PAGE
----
Rockford Christian School (RCS) recently initiated a community outreach program for home-schooled children in kindergarten up to eighth grade. The Home School Partnership program provides options for families who need help with advanced subjects or those that require specialized training or materials. One Partnership student recently said, “I like the science experiments!” The program offers à la carte options ranging from a full day of classes to pick-and-choose alternatives. The classes are taught by six RCS teachers and include hands-on science (including lab experiments and earth science), Spanish, computer lab, music (band and orchestra), art, writing, and physical education. Optional advanced math classes (e.g., algebra and geometry) are also available. The home-school students can either remain exclusively with other home-school students or they can elect to join the RCS students for recess and lunch. The Partnership students are greeted in the lobby on Tuesday mornings by Principal Jan VanderWerp. The program begins 10 minutes after the first RCS tardy bell. Each student is assigned a locker and escorted from class to class by a Partnership-designated teacher. If the student elects to join the RCS students for lunch and/or recess, an RCS “buddy” is assigned. Hot lunch options are available for the home-school students. The program is offered in five sessions that are six weeks long. This provides scheduling and budgeting flexibility for families if they want to initially try a few classes before committing to a full day. A full-day session (8:50 a.m. to 3:15 p.m.) is $200 and the pick-and-choose alternative is $60 per selected class per session. Discounts are available for families with more than three children. Two years ago, a home-school family approached RCS about options for home-school kids. The RCS administration investigated similar programs throughout Grand Rapids and interviewed countless home-school families in order to create a valuable program. The RCS staff quickly embraced the program and volunteered to forego their allotted class-prep time to teach these specialized classes. The most exciting component of this program for VanderWerp has been witnessing how much the RCS staff has stretched and devoted to making this program a value to the home-school families. “It’s exciting to see the staff live out their faith and commitment to the program and to the school,” said VanderWerp. […]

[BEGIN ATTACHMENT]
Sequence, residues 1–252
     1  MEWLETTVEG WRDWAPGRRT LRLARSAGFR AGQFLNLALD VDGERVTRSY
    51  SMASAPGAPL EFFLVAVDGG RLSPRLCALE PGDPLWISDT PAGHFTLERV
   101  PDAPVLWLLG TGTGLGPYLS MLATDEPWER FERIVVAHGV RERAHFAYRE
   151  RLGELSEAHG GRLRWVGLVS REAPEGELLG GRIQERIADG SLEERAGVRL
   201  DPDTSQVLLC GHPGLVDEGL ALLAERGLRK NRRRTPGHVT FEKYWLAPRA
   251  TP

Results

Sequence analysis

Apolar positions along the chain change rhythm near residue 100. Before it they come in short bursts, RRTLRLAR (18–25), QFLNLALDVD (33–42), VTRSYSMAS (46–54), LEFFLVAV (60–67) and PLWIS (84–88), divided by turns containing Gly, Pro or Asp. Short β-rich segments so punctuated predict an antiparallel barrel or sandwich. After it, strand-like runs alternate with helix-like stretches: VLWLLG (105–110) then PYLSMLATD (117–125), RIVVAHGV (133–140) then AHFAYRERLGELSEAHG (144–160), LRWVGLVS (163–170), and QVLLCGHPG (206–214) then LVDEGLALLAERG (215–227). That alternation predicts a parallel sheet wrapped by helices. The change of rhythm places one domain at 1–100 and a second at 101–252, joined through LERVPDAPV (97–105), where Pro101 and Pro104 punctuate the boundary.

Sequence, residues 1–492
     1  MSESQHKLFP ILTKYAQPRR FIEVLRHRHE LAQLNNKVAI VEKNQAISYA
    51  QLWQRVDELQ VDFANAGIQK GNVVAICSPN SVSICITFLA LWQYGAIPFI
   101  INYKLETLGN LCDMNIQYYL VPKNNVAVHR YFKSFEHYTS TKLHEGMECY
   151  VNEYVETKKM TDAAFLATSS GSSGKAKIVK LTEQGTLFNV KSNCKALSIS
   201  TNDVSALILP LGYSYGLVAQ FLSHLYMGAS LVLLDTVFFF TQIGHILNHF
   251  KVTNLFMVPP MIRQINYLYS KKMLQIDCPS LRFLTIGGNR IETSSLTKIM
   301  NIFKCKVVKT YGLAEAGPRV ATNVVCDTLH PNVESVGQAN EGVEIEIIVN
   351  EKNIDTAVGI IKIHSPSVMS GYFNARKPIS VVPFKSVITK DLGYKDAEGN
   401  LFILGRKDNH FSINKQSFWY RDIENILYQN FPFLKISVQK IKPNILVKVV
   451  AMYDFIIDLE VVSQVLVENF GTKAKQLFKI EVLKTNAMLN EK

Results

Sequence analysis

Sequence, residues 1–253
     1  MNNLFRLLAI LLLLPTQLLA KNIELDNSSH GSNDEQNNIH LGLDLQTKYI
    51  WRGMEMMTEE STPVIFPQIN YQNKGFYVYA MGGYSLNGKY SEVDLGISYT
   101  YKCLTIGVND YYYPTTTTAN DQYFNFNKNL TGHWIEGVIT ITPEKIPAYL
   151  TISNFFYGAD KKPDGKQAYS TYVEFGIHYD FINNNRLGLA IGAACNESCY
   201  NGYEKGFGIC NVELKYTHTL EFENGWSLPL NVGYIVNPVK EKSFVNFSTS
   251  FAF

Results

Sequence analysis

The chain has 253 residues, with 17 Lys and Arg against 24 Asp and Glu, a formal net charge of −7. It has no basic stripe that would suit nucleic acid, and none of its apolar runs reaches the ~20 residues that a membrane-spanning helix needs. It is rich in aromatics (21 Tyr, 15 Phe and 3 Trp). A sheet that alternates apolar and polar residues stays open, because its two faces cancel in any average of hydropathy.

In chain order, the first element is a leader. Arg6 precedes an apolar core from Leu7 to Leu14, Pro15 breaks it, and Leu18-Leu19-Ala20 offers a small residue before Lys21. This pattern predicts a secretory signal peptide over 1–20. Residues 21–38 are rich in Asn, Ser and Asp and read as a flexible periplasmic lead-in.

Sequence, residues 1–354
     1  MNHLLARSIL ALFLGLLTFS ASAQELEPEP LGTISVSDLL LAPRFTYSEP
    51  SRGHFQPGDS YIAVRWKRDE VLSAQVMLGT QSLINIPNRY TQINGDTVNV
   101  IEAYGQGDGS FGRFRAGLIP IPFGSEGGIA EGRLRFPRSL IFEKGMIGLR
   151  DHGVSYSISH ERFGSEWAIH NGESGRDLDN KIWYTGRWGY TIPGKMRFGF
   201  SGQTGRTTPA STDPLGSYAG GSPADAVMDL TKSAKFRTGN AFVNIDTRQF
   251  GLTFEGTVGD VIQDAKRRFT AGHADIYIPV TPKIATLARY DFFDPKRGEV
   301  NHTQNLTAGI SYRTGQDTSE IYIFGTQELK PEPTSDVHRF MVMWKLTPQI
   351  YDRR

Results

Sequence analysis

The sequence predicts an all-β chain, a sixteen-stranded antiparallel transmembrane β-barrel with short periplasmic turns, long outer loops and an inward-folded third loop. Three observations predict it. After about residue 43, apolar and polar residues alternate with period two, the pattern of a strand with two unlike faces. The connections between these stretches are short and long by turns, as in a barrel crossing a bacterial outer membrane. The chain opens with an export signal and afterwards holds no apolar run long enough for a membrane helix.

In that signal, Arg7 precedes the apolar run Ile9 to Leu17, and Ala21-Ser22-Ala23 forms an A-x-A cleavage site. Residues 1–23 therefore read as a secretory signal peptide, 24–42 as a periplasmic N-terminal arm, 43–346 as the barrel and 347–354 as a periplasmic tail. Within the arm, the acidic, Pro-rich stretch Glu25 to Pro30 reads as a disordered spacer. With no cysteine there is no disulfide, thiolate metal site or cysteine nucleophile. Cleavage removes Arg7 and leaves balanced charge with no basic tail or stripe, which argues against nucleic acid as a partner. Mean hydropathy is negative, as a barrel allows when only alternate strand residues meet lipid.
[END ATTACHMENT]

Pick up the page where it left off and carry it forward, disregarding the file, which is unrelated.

Bus safety, determining delays, school closings by JAMIE HOSFORD Assistant Superintendent Human Resources Welcome to another school year. We look forward to many successes for you and your children throughout the 2009-2010 school year. The Rockford educational community, along with the entire Rockford community, is truly a special place to live, grow and learn. It is hard to believe we are looking at fall (fog) and winter (snow and ice) weather already. Where does time go? Please read the information below as a reminder of how/why we decide to delay the opening of school or close school for the day. Rockford Public Schools (RPS) clearly understands the issues a snow day and/or two-hour delay causes students, parents and staff. The decision to close school or implement a two-hour delay is based on the safety of our students, parents and staff. We have an employee who is responsible for checking roads and driving conditions, beginning as early as 3:00 a.m. during the late fall and winter months. This person drives throughout the 100 square miles of the district, checking for problematic roads—gravel roads, as well as main thoroughfares. In some cases, driving conditions can vary greatly from one side of our district to the other. Beginning around 5:00 a.m., the person checking our roads is in constant contact with me (Assistant Superintendent for Human Resources), Director of Transportation Jacquie Fase, and in many cases the Kent County Road Commission and local weather stations, as well as transportation departments of other districts. Collectively, they share information received, and a recommendation is made to Superintendent Michael Shibler. Our goal is to make a decision to close school or implement a two-hour delay prior to 5:30 a.m. so parents may make plans for the day. However, the weather may become inclement later in the early morning and, as a result, the decision to close or implement a delay becomes more complicated. WZZM 13, FOX 17 WXMI and WOOD TV 8, as well as our district Web page at www.rockfordschools.org, have updated information regarding school closings and/or delays. In addition, you may contact our transportation department at (616) 863-6328 or central office administration at (616) 863-6320 any time you have questions. Driving school buses through snow is not a problem […]